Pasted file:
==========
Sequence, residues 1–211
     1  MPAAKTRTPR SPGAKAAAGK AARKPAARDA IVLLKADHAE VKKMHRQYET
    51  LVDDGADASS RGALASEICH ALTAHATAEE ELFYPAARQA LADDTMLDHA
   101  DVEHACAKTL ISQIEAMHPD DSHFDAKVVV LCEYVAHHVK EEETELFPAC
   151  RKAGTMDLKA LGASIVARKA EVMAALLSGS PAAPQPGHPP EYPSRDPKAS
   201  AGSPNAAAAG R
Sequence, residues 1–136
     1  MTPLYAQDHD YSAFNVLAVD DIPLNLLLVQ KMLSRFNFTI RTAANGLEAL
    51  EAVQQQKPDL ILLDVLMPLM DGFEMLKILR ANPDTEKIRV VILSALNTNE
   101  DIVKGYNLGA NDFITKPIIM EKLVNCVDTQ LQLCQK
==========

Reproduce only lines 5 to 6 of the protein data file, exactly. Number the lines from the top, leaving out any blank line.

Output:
   151  RKAGTMDLKA LGASIVARKA EVMAALLSGS PAAPQPGHPP EYPSRDPKAS
   201  AGSPNAAAAG R